Successful entrepreneurs answer “Why your startup matters?” by pointing to problems solved for customers and jobs created. Profit is a means to creating future value and funding is a means to creating profit.
Why Your Startup Matters Has Little to Do With Funding
Giff Constable had a great post “Money Raised is a Terrible Metric for Success” about two weeks ago where he made the following suggestion
I would love for our ecosystem to purge the notion that how much you raise should be a valid comparative metric for success. Speaking as someone who has worked for quite few well-funded companies, I know that it is not. […] Raising money is not success. It is an enabler of success. It is supposed to make success easier, but I have seen situations where the opposite has happened. I have also seen plenty of situations where the outside investors were the only ones who really benefited from an exit.
“The goal isn’t to get money from a VC, just as the goal isn’t to get into Harvard. Those are stepping stones, filters that some successful people have made their way through. […] I don’t care so much how much money you raised, or who you raised it from. I care a lot about who your customers are and why (or if) they’re happy.”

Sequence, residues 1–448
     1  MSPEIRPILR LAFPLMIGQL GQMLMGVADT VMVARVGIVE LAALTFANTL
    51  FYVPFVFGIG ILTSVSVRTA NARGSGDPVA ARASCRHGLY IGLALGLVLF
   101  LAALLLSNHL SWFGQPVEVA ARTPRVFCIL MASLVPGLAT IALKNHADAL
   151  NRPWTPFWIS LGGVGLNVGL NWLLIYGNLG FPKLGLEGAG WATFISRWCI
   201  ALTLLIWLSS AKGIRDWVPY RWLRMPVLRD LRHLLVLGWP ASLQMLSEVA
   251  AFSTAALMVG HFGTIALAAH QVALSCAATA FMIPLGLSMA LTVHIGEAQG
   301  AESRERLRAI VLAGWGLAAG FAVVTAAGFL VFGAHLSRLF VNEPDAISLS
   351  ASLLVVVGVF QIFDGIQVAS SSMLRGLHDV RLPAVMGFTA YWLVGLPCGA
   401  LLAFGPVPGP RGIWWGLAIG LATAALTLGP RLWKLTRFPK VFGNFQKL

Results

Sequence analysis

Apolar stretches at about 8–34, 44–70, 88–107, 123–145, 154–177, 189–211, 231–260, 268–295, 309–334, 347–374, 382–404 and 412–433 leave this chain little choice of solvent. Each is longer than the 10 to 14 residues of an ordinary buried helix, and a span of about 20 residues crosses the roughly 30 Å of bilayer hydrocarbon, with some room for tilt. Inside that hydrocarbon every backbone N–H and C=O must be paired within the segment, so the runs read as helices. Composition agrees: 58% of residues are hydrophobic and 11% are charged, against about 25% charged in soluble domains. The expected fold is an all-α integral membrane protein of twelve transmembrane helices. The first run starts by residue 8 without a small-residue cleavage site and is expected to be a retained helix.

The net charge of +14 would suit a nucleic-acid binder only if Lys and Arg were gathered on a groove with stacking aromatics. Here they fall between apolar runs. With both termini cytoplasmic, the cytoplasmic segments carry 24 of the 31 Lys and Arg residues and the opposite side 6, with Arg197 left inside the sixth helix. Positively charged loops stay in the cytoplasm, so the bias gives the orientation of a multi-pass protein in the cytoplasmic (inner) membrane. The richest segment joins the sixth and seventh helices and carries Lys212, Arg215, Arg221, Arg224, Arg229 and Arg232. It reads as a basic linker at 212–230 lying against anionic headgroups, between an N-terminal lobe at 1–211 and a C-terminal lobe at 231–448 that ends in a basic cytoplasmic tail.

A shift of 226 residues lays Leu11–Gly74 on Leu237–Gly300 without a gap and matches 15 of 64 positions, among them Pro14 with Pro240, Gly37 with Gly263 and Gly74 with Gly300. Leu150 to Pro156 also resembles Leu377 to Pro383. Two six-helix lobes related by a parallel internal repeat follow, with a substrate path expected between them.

Jeff Nolan suggested in “Why the TechCrunch Economy will Falter” that
If all we care about is starting things then the tech economy will eventually falter because at some point you have to answer the critical question “why do you matter?”. This simple question should be at the top of the list whenever any company or product is written about, I know that it will be for me going forward.
I blogged about “Entrepreneurial Motivation” in January of 2009, highlighting Tim O’Reilly’s thought provoking post “Work on Stuff that Matters” from earlier that month. O’Reilly highlighted three principles:
- Work on something that matters to you more than money.
- Create more value than you capture.
- Take the long view.
that I still find very valuable. I want to work on things that will make a meaningful difference in people’s lives. And like Randall Munroe, “I never trust anyone who’s more excited about success than about doing the thing they want to be successful at.”
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